[Issue 047] The pickup truck MLK wants you to buy 😶

 

Happy Tuesday!

And Happy Black History Month! The 28 days of 2018 reserved for teachers in America to share revisionist history of the three black figures who made it into textbooks!

Sarcasm aside, Black history—which is always relevant—is particularly relevant for this week's ABL because on February 1st Ken Chenault stepped down after 17 years as the CEO of American Express.

In a country with a 13% black population, we now have only 3 black CEOs in the Fortune 500: Roger Ferguson at TIAA, Kenneth Frazier at Merck & Co. and Marvin Ellison at J.C. Penney Co. 

Number of black CEOs of Fortune 500 (Bloomberg)
 

-- Image Source: Bloomberg -- 

The first black CEO of a Fortune 500 company was Franklin Raines, who led Fannie Mae from 1999 to 2004.

And get this: Ursula Burns, who retired as CEO of Xerox in 2016, was the ONLY black woman y'all.

The shit's depressing. 

Research has shown that it's not for lack of ambition

Last year Fortune published an article, The Black Ceiling: Why African-American Women Aren’t Making It to the Top in Corporate America, that hit home for me and many other black women I know who have also spent their careers as an "only."

But the research, which is drawn from a large group of survey respondents Catalyst has tracked for years, also shows that black women often grow demoralized in the workplace. They report environments that they feel continually overlook their credentials, diminish their accomplishments, and pile on cultural slights—about their hair, appearance, even their parenting skills. And they often have fraught relationships with white women, who tend to take the lead on issues of women and diversity. “This is what we call an ‘emotional tax,’” says Dnika J. Travis, an executive and researcher at the Catalyst Research Center for Corporate Practice. “The burden of being on guard all the time affects our lives in really negative ways.”

While I certainly don't have the solution for the situation we now find ourselves in, the good news is that (according to these beautiful babies) black excellence is at all time high...

 
 

Watch the video for some joy! [LINK]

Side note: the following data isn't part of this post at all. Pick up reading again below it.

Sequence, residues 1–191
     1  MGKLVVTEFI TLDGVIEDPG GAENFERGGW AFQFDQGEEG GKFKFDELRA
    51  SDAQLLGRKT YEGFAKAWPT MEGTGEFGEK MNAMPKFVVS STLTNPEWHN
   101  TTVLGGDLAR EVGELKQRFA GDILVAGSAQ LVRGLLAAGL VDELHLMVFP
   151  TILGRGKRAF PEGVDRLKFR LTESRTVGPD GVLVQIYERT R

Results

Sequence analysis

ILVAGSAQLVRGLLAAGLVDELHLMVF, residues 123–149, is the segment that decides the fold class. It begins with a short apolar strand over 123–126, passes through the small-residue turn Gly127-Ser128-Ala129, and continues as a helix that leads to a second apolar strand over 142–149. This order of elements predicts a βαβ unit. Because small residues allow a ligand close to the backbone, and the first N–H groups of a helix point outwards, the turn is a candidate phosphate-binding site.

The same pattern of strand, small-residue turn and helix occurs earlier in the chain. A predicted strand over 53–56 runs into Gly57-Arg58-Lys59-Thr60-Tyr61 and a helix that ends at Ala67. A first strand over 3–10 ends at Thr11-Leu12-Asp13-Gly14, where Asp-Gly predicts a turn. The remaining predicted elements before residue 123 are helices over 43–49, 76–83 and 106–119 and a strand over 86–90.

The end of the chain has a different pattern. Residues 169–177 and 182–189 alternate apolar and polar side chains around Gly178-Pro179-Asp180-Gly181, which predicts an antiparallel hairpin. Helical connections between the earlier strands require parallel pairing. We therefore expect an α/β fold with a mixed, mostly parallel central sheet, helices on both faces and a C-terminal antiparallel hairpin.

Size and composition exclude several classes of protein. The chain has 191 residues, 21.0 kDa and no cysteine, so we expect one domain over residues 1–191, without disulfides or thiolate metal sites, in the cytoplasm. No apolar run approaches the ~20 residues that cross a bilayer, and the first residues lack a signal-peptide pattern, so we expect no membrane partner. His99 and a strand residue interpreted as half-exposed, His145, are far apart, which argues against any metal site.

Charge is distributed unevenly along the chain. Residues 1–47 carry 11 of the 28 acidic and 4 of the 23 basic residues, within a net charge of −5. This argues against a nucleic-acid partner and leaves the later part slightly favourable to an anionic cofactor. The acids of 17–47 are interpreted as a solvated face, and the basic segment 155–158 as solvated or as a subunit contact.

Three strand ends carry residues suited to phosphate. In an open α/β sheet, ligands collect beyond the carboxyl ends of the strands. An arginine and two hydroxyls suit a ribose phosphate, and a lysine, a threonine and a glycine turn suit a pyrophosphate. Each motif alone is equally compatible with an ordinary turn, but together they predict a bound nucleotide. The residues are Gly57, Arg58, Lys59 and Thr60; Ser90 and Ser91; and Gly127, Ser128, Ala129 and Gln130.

❤️✊🏾❤️
Nikita

First a Smile.png
 
Twitter MLK Dodge Ram commercial
 

I don't do sports, so by default I've been boycotting the NFL my whole life. But on Monday I woke up to Onion-like headlines about MLK selling the American people a pick-up truck. 

During Black history month.

I just can't. 

Fortunately, someone "fixed" the ad: What Martin Luther King Actually Thought About Car Commercials

The Headlines.png

The C.E.O. Who Called Trump a Racist (and Sold a Lot of Spice Mix). Not only is my partners' aunt a huge fan of this spice company, but I now live down the street from one of the stores. So, naturally, I was excited when I came across this piece. It's this week's must-read, for sure! (And, yes, their emails are really that good!) // NEW YORKER

Early Facebook and Google Employees Form Coalition to Fight What They Built. A group of Silicon Valley technologists plans to call attention to the dangers of tech, including working on an ad campaign aimed at 55,000 public schools. // NYTIMES

Improving Workplace Culture, One Review at a Time. How Glassdoor is using transparency to "upend corporate power dynamics." // NEW YORKER

The Follower Factory. Everyone wants to be popular online. Some even pay for it. Inside social media’s black market. // NYTIMES

A follow-up piece... 
Twitter Followers Vanish Amid Inquiries Into Fake Accounts. Federal and state authorities are investigating the sellers of artificial followers and other fraudulent social media engagement. // NYTIMES

And a read...
Twitter has been ignoring its fake account problem for years
. "Buying followers is a practice that is almost as old as Twitter itself. So why hasn’t anything been done about it until recently? Money." // CJR
 

 
  Live footage of me sippin.. I mean, reading the receipts in that last article.

Live footage of me sippin.. I mean, reading the receipts in that last article.

 
 
Nikita T. Mitchell